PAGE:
When my first novel was finished I did this right away.  I read over the completed work.  I knew right away it wasn't up to par.  It wasn't good.  I had steeped myself in novels all of my reading life and reading my own first novel I knew it was poppycock and poodlypoop.  It just wasn't worthy.

It was not an easy truth to face, but I was serious about my career and I didn't want to embarrass myself.  I put the manuscript away and began again.

Before, during, and after writing the second novel, I kept reading the very best books in the field--psychological suspense--that I could find.  I'd already spent years reading the masterpieces of fiction, both novel and short story.  By the time I began writing my own books, I concentrated on reading the kind of books I knew I wanted to write.

The second book was not so bad, I'd gotten out all the autobiographical junk that had made my first novel attempt so bad.  But the second novel wasn't quite good enough either.  It did get an agent, but it couldn't be sold and was rejected a few times.  I withdrew it and put it away.  (Later on this book was revised and sold.) 

Neither of these first attempts, the second without major revision as it turned out years later, was good enough to sell to a print publisher.  If I were a new novelist today and wanted to sidestep print publishing in favor of e-book publishing, I would do the same thing I did back then.  I'd shelve those two first books I wrote.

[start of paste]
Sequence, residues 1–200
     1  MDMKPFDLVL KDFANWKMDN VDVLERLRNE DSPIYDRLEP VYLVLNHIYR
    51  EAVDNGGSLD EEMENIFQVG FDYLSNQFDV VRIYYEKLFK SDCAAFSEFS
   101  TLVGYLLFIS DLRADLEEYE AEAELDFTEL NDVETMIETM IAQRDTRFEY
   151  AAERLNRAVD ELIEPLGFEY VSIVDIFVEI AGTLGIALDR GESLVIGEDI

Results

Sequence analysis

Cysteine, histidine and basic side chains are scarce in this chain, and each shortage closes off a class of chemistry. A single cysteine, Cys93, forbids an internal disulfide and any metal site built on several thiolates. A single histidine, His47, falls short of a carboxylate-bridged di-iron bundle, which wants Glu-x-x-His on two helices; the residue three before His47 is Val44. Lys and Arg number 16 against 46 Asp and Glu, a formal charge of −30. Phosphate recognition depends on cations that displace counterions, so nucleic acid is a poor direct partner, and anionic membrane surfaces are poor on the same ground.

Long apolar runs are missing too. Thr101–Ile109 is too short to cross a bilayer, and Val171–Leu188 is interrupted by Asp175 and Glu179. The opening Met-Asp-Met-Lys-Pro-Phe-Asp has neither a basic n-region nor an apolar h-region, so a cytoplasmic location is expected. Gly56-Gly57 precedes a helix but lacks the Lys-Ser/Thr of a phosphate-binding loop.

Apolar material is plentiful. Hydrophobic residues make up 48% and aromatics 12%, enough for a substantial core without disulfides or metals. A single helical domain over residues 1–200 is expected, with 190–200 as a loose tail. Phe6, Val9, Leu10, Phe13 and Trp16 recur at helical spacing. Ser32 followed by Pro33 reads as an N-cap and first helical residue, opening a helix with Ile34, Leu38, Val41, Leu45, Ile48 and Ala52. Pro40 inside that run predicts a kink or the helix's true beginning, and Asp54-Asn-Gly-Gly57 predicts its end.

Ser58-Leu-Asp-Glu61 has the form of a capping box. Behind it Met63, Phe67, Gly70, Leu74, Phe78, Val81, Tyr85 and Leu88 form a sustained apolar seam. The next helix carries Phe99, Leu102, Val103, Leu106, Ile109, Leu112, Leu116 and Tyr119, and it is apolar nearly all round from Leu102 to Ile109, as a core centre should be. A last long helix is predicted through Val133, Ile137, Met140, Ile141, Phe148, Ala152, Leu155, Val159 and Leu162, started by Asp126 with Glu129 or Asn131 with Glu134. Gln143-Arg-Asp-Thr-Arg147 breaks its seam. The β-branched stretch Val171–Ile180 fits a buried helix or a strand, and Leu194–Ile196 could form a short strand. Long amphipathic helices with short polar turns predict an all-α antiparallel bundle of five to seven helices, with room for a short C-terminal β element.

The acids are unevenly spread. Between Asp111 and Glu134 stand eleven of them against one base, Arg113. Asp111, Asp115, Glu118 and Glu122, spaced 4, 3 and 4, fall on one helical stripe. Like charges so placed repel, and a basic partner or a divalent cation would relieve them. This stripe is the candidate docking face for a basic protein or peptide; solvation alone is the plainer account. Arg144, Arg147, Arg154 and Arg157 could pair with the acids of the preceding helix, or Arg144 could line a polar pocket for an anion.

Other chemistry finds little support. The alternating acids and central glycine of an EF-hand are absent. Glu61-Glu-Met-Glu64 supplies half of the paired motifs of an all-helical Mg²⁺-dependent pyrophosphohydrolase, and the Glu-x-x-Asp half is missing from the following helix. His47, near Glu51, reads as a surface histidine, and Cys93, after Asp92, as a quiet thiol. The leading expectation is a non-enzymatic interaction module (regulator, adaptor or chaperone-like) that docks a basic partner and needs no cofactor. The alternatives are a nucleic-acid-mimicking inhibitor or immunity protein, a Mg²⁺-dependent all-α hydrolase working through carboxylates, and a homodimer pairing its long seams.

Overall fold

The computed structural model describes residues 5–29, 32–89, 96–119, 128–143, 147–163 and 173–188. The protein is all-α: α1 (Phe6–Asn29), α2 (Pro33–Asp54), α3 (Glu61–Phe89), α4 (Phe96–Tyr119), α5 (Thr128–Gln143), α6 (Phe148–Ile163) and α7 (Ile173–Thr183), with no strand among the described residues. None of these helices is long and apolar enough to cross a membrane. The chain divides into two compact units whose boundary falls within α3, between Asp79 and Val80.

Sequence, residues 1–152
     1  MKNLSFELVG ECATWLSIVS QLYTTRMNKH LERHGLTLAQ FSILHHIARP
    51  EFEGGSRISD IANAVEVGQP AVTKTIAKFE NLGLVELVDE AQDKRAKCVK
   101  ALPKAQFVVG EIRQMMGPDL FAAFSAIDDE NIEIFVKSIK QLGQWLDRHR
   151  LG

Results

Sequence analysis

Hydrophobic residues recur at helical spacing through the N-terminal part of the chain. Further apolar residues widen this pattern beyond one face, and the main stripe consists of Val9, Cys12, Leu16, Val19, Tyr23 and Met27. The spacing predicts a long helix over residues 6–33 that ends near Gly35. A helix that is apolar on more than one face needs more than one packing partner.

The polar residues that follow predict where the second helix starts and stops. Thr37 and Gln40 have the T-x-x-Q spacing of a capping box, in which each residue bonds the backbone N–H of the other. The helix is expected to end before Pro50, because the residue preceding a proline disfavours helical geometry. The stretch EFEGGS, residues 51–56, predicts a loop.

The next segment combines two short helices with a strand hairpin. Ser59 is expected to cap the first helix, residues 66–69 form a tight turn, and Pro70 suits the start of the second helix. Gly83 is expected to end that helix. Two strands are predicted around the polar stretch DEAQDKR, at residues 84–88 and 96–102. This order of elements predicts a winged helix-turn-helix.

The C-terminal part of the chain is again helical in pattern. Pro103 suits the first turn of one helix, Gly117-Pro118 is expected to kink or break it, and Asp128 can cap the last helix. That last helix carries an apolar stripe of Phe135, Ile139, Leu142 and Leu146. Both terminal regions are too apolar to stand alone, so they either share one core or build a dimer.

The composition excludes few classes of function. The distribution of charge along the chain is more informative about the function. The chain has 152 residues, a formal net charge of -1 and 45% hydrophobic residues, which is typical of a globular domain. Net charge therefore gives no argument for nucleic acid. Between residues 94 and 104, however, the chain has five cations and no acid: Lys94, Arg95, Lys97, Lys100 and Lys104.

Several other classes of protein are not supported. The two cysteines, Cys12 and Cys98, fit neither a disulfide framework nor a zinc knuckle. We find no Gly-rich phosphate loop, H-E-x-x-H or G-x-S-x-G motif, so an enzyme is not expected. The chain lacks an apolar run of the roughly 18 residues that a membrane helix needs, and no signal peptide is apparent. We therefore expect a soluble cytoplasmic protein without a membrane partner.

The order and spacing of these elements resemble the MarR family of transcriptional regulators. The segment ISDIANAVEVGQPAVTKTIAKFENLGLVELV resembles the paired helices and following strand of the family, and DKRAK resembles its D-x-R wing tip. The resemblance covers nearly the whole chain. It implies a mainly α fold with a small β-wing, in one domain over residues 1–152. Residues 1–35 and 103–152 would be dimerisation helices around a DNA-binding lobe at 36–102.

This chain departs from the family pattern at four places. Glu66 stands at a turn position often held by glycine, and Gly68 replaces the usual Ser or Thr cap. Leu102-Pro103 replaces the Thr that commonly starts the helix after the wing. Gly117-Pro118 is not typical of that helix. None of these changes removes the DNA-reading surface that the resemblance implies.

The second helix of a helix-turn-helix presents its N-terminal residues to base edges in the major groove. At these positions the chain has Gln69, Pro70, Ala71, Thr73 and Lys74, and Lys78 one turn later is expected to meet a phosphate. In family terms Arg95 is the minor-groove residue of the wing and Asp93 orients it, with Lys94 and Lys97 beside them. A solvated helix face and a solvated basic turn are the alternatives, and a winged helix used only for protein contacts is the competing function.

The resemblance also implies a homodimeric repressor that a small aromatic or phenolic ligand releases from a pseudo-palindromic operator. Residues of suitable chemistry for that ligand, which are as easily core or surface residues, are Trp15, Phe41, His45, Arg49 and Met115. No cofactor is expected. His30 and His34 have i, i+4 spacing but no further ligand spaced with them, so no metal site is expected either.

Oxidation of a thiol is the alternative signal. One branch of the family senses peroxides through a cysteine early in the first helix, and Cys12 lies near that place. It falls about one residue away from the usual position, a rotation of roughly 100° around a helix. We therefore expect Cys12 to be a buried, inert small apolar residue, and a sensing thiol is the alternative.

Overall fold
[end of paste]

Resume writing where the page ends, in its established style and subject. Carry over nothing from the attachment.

You have to be strong enough, brave enough, objective enough to look at your own completed work and decide whether to publish it or not.  Is it really as good as works you have seen in print?  Does it measure up to books you have read and liked?  It doesn't matter if your Aunt June or your Cousin Joe or your Grandma loves your book.  If doesn't matter if your husband, wife, best friend loves it.  You have to decide for yourself if what you are publishing on Kindle is the right thing to do.   If you begin badly, you could end up badly, and no one wants that to happen.  If people read your work and hate it, you won't see them back for seconds.  If the reviews are horrible, that won't help much either.  When you give a book to the world it's a gift and you have to hope the gift is gold, shiny, brilliant, and desirable rather than torn, ratty, and useless. 

So despite all the hullabaloo over the e-book revolution and despite how easy it is to get in on the gravy train, my advice is don't do it until you're sure, absolutely sure, you can't do better and the book can stand up in a crowd of books similar in genre. 

Also, don't ask me to see my very first novel.  Even if I could find the old manuscript pages, I wouldn't foist it on my worst enemies.  Even though it took a year of my life to write, it just wasn't good enough.  Make sure yours is. 

Tuesday, August 3, 2010

How Old Do You Have to Be to Be a Writer?

First of all, there is no correct answer to this question.  You can be twelve when you decide to be a writer or you can be eighty-two.

A very young person, say of thirteen, is usually no more a writer than the man in the moon.  BUT the thirteen-year-old can be a writer-to-be.

I was thirteen when I knew for certain that I wanted to be a writer.  I have my little plastic blue diary, the kind that used to have a key for locking it, to prove it.  On one page of the diary is a single sentence.  "I want to grow up to be a writer."